1) Beginning. The first half of the novel is a little rough. Some chapters have a rushed pace to them. For example, the contest scene was very hard to follow. Things happened so fast with little details that I was totally lost and left scratching my head. On top of this, we have the characters showing little to no character development. The situations that the characters find themselves in doesn’t seem to faze their attitudes and their actions too much. For the longest time, the characters seemed bland but they did have hints of something more to them, but those hints weren’t explored until later in the novel. The beginning just had a rushed feel to it. Everything that happened occurred too fast and you couldn’t really delve into the problems and issues that were brought up. This was the major problem with Heart of Midnight, you couldn’t get behind the characters right away and everything happened way too fast.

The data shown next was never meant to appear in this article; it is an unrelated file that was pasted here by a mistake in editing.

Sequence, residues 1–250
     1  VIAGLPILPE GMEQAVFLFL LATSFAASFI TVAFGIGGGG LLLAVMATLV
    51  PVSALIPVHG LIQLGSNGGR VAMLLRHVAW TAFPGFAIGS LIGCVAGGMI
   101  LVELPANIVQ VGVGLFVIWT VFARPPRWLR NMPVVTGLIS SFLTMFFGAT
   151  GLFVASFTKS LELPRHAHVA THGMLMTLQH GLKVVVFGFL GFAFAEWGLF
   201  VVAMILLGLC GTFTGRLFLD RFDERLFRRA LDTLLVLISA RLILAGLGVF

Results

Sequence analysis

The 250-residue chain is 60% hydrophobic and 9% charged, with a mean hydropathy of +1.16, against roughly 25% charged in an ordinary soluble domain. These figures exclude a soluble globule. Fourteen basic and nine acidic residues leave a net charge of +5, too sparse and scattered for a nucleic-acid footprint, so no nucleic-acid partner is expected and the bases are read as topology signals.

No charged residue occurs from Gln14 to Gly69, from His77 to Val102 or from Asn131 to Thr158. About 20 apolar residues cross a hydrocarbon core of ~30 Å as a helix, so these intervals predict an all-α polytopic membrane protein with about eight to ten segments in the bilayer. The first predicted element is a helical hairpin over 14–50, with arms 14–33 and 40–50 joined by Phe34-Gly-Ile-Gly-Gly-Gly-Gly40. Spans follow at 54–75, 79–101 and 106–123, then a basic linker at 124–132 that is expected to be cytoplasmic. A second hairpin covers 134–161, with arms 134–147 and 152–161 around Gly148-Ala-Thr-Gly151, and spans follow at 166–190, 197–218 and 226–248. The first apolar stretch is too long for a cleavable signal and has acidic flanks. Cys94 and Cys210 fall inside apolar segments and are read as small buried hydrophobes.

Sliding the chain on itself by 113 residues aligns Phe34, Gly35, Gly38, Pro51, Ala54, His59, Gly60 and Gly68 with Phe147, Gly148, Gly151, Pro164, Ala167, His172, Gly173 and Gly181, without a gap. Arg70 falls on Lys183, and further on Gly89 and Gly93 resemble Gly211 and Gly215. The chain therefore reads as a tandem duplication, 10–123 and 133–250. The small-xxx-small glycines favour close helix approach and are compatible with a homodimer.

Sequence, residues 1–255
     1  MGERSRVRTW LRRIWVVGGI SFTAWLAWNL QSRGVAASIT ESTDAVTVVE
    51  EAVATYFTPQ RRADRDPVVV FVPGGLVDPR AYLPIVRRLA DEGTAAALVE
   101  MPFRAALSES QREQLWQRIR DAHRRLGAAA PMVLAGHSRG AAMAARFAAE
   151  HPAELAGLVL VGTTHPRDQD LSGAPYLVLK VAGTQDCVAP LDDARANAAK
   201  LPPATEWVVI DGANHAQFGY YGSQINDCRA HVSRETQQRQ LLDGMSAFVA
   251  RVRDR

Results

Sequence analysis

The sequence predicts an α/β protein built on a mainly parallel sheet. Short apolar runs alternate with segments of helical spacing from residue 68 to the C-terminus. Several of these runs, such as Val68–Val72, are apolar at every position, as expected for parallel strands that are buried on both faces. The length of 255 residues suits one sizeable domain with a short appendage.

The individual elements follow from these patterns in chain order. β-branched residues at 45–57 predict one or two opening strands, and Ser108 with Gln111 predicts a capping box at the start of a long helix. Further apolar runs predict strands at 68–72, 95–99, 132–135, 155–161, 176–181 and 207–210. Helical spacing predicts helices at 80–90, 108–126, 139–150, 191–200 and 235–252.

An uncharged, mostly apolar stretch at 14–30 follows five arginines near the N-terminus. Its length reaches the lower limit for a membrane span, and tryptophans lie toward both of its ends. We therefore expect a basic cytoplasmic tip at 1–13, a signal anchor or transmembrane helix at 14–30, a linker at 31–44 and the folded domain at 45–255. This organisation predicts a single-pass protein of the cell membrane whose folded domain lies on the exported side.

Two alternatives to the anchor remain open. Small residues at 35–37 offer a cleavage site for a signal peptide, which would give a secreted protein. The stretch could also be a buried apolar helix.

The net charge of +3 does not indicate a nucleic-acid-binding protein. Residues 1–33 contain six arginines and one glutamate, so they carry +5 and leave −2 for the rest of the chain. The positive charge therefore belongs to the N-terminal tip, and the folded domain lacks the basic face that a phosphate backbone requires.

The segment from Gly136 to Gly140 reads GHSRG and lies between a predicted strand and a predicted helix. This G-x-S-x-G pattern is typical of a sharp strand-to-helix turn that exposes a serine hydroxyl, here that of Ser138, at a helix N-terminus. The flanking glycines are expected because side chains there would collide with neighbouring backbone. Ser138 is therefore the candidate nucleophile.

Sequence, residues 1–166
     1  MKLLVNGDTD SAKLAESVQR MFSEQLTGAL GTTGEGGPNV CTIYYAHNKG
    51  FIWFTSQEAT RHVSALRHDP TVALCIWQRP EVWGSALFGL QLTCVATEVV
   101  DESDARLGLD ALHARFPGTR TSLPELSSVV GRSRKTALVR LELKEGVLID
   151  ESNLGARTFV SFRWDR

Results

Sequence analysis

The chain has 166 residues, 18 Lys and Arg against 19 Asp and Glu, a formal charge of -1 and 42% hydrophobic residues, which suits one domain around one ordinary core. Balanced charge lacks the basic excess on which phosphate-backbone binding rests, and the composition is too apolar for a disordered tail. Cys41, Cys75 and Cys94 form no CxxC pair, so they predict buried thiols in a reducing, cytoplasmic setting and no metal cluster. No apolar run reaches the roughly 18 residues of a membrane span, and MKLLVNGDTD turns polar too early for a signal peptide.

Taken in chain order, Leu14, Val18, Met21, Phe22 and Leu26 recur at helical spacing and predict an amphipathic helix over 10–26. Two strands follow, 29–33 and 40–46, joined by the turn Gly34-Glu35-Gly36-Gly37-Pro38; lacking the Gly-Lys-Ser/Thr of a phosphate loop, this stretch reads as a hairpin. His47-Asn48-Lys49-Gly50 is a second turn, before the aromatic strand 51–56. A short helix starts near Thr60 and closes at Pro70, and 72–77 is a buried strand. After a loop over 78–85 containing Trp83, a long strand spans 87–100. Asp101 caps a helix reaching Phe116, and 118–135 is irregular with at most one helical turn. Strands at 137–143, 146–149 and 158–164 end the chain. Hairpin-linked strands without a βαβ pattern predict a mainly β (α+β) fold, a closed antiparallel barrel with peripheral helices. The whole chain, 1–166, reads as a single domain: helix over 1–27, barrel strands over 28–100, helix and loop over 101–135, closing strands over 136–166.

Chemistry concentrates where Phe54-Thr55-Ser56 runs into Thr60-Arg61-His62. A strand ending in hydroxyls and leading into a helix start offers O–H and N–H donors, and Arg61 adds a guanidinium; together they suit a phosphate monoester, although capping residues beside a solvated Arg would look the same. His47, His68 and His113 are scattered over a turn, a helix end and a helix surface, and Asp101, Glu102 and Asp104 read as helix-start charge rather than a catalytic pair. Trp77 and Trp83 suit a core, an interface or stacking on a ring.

2) Casimir. One of the blandest main characters I’ve seen in a while. He was wishy-washy, unlikable, and with a personality that switches every chapter. I really do not understand the appeal of Casimir, and would have rather seen a story focus more on Thoris or Casimir’s love, Julianna. Those two would have been much more interesting leads instead of Casimir, who seemed to appear as little more than a side character. However, at the start of the story, he appeared to be a very sympathetic and likable character, but this doesn’t last long. After the beginning, Casimir quickly turns into a side character. I would have rather seen more of the impact his change causes on his friends, instead of the focus being mostly on Casimir. Then at the end, he just becomes unbearably whiny. There were times that he did seem to be an interesting and intriguing character, but during those scenes, another character stole the spotlight. Casimir just grated on my nerves.

Praises: